Google mashes it up around the world

The search company's application development blends mashups and open source

Google has been touting its building-block approach for application development, which features mashups and open source software.

Mashups link different internet applications to form a new application. They are becoming the model for developers to build applications, said Jeff Huber, Google’s vice president of engineering, during a keynote presentation at the recent Google Developer Day 2007, held in San Jose, California.

Other building blocks in the company’s application development model include ads and standards, said Huber. Google expects developers will use technologies such as a MySQL database, a Linux OS, and programming languages such as Ruby, Python, or PHP (Hypertext Preprocessor).

“By being able to leverage these building blocks, you’re able to create amazing applications [in] probably a tenth the time,” said Huber.

Google with its developer tools seeks to make the web better; this may result in boosting traffic to the Google home page but not necessarily, according to Sundar Pichai, Google director of product management.

The newly announced Google Gears project, for example, involves an extension to make web applications work offline, Pichai noted.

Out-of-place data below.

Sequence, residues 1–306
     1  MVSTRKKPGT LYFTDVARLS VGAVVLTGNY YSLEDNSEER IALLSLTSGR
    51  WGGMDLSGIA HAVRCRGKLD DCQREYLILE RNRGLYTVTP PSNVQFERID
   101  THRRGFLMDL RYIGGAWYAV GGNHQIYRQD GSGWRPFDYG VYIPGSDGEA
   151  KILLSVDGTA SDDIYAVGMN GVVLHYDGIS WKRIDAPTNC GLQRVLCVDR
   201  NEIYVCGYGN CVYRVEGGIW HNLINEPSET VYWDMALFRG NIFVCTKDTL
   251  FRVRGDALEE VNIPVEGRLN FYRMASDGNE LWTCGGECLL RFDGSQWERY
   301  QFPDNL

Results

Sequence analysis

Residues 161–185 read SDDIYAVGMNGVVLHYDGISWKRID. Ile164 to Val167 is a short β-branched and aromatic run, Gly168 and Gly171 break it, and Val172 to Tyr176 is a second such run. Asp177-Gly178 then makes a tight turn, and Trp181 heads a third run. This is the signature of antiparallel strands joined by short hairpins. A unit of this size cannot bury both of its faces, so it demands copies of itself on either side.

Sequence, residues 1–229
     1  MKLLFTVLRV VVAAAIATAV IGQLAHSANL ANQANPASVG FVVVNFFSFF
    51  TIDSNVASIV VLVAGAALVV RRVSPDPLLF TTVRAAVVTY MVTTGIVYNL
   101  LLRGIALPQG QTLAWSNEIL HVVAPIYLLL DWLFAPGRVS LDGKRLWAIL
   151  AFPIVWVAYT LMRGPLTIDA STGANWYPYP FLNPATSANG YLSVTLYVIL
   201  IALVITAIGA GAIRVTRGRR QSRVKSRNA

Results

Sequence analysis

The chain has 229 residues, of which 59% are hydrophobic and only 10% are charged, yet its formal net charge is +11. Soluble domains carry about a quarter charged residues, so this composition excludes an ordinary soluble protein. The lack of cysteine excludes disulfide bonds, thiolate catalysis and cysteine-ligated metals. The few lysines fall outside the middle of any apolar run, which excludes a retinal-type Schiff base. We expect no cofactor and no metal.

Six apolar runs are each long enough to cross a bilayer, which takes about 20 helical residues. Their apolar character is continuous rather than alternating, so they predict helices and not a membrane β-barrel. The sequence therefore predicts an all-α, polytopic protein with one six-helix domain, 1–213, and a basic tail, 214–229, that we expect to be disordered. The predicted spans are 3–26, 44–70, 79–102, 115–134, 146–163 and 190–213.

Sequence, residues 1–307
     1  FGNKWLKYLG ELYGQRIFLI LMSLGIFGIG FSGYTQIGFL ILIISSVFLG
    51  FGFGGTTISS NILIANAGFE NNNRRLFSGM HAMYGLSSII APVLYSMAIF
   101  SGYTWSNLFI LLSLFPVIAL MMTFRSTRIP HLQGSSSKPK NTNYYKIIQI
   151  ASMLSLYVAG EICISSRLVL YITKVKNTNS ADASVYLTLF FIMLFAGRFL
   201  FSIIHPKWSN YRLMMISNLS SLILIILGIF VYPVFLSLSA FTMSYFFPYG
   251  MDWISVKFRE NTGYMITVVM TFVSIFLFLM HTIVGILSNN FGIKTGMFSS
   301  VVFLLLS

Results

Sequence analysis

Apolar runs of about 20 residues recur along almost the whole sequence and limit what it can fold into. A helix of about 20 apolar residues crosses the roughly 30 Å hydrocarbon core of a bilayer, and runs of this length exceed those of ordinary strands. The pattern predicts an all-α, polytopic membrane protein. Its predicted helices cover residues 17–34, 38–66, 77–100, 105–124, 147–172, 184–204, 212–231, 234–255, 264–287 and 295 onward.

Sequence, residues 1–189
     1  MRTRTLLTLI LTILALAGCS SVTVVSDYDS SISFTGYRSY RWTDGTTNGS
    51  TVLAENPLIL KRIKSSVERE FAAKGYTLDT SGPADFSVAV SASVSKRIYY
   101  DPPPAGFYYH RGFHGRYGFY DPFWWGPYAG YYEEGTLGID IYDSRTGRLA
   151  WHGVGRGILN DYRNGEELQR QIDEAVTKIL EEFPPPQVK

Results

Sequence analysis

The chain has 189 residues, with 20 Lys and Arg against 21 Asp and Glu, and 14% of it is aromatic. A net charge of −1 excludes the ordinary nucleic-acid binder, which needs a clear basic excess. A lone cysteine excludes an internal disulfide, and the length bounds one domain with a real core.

“To us, we believe we benefit, users benefit and everyone benefits if the web works better,” Pichai said.

In addition to formally unveiling Gears during the morning presentation, Huber touted two other products: Google Mashup Editor, an online editor for building mashups with a few lines of XML, and Google Mapplets, for putting online gadgets on maps. With Mapplets, an application could be built such as one that searches for hotels near an airport, according to Google.

Google’s free event in San Jose attracted 1,500 people. At the same time, ten other Google Developer Day 2007 events were held throughout the world on 31 May, including in places such as Sao Paolo, Brazil and Moscow.

Google co-founder Sergey Brin, the company’s president of technology, briefly addressed the audience in San Jose. The internet, he said, has reached the point where systems can recreate themselves, such as a mashup editor that creates internet applications using internet applications. A compiler, meanwhile, can compile itself, said Brin.

“For the internet to be truly self-sustaining, you really need to get the person out of the loop, and that’s why we corralled all of you here in one room today,” Brin said in jest.

On a more serious note, Brin thanked the audience. “We want to do as much as we can to repay the community that creates such a fantastic ecosystem for us to work in,” Brin said.

The explosion of interest in Google of late can be attributed to its brand awareness, said blogger Frank Taylor, author of the Google Earth Blog and an attendee in San Jose.

“Obviously, they just have a huge brand awareness and an ability to reach many people through their search engine,” Taylor said. Even when other companies do the same thing as Google, Google gets more attention, he said. Google also attracts top talent, said Taylor.

Huber called 2006 a spectacular year for the company, with its introduction of technologies such as its AJAX search API, the Google Web Toolkit, and Google Project Hosting.

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